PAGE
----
Part of our personal journey has been going vegetarian and then vegan. When we bought our farm seven years ago, we were both lifelong carnivores. But having our own chickens, cows, and even a pig taught us that these animals are just as personable and “aware” as our beloved dogs. Eventually we got to the place where it felt too hypocritical to dote on our own cows, pig, and chickens, and still buy meat at the market. We also went vegan for health reasons after watching documentaries like “Forks Over Knives” and “What the Health”.
I don’t talk about this a lot in my books because I don’t want to come off as preachy or offensive with my personal beliefs. I myself couldn’t imagine going vegan most of my life, so I get it. However, in the case of TENDER MERCIES it was critical to the farm sanctuary theme of the book that Eddie be a vegan. Samuel, the other main character, is Amish and grew up with, of course, lots of meat at every meal. He learns to eat vegan living with Eddie, but he does miss meat. 😊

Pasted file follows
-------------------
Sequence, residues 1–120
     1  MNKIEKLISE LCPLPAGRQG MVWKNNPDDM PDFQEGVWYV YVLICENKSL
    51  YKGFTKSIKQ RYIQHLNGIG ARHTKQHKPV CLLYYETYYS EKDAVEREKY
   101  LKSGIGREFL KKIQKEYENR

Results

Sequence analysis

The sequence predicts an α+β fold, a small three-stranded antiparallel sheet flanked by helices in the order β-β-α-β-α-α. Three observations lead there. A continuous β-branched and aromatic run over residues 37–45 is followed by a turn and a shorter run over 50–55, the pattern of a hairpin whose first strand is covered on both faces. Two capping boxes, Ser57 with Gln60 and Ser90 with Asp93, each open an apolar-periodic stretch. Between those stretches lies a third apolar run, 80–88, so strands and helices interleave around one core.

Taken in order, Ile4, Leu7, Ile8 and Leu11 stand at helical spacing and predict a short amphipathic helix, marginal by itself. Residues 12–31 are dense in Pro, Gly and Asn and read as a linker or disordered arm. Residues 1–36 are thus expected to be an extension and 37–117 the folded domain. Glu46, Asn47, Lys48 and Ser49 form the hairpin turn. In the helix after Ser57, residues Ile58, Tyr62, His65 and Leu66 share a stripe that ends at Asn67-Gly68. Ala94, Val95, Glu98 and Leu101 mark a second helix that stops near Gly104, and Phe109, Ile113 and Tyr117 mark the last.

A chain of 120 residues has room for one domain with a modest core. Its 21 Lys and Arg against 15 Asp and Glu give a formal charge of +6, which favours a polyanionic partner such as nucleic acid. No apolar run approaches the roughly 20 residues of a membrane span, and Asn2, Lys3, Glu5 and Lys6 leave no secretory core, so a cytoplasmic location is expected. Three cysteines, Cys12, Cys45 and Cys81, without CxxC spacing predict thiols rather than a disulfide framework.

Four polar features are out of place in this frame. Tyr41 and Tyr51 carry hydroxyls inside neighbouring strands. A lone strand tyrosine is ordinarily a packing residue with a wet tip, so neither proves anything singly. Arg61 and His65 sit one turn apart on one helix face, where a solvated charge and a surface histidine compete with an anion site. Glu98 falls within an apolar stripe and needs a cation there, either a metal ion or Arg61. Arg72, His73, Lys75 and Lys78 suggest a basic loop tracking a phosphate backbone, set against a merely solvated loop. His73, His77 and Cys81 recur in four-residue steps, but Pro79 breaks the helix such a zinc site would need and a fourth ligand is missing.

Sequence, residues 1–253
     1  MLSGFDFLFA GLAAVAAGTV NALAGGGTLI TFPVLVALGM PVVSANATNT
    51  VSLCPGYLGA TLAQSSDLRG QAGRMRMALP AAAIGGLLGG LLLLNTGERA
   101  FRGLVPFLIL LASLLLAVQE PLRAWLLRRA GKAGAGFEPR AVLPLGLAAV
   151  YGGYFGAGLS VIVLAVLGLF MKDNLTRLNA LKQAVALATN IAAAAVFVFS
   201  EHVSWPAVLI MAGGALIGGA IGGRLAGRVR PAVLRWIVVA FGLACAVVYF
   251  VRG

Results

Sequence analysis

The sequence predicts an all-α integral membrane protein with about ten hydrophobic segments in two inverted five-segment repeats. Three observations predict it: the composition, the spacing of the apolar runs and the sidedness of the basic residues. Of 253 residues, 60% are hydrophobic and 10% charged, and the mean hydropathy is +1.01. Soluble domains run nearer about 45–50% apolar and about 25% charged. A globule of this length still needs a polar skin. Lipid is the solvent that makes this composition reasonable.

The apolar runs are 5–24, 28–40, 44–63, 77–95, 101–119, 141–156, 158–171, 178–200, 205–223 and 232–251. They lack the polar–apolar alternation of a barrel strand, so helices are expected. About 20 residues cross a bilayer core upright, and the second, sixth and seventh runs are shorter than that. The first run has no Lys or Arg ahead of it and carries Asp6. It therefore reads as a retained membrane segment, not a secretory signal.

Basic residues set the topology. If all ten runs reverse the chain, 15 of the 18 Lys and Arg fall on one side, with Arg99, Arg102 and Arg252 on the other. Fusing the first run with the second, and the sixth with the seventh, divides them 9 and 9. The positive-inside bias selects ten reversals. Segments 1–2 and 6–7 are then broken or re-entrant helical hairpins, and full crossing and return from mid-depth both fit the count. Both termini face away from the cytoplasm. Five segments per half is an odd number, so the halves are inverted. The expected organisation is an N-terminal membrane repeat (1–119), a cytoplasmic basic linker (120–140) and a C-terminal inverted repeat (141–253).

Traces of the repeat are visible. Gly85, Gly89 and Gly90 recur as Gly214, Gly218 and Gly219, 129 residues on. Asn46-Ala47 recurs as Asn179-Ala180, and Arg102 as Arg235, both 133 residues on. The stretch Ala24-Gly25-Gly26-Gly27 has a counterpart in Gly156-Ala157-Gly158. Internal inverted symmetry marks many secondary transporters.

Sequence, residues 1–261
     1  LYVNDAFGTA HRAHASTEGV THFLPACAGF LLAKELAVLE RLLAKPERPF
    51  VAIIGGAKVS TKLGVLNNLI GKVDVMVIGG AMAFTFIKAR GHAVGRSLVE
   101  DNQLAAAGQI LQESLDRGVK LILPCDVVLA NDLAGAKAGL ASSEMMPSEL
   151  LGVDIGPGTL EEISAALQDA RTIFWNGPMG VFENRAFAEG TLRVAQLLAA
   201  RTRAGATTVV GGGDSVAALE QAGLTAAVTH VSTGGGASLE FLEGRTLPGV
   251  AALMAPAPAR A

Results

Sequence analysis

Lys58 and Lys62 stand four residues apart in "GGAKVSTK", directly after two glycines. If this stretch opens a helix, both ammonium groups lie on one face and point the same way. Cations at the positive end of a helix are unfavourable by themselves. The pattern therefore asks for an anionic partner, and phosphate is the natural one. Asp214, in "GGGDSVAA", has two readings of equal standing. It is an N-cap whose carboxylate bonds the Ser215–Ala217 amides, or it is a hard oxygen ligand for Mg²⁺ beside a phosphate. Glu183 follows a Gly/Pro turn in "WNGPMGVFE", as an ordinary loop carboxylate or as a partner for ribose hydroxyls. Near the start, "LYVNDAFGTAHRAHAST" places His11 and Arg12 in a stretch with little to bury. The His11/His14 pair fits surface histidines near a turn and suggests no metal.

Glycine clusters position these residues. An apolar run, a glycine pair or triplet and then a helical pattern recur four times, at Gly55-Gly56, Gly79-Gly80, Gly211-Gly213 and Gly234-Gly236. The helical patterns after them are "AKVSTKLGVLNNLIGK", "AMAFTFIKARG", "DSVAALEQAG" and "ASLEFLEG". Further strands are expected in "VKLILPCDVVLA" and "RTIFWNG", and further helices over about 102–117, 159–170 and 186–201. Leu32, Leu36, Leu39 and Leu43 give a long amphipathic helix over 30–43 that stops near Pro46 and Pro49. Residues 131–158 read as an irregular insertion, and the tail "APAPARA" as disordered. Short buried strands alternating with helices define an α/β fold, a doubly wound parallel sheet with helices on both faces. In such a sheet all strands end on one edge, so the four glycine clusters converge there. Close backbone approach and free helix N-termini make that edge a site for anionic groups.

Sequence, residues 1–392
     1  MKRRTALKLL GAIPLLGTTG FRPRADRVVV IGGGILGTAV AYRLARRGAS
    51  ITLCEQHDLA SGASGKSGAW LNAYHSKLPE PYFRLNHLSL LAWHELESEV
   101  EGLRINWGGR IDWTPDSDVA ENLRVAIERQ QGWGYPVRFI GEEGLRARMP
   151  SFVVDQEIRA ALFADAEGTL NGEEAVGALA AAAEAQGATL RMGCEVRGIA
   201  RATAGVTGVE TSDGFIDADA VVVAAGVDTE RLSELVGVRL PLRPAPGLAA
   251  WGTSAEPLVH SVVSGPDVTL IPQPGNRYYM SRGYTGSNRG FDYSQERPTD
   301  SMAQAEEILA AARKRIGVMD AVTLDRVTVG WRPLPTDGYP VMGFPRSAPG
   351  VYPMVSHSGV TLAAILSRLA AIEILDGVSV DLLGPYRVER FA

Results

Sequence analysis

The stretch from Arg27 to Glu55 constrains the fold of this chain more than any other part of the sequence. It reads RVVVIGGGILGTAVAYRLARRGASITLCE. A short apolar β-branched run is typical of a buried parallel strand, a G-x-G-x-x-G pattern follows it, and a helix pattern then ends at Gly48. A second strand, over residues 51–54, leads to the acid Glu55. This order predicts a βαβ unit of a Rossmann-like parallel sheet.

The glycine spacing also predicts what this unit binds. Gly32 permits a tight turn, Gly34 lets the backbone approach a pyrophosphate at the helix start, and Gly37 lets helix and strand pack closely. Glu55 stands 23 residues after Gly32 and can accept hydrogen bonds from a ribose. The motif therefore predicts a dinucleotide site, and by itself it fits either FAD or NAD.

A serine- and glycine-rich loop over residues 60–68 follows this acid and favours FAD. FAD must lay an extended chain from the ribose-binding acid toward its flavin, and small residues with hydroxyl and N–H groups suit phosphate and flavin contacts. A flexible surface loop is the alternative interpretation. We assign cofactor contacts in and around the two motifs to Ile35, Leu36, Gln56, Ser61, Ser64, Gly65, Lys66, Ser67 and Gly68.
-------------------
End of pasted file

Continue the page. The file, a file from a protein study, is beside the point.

Since going vegan I’ve found a lot of terrific recipes and meals that we love. We eat a lot of whole grains, beans, starches like potatoes and squash, veggies and fruit. I love carbs, so I’ve enjoyed eating this way and I lost 90 pounds as well!
I thought I’d share a recipe as part of this blog tour. Here’s a simple vegan soup (the beans add lots of protein) and cornbread recipe—perfect for fall!
WHITE CHILI RECIPE
- 2 cups (16-oz) vegetable broth
- 3-4 garlic cloves, minced
- 2 carrots, diced
- 1 onion, diced
- 2-3 tsp tomato paste
- 2 tsp ground cumin
- 1 tsp chili powder
- 1 tsp dried oregano
- 4-oz can of diced green chiles
- 30-oz can white beans (undrained)
- 3 cups (16-oz) corn, fresh or frozen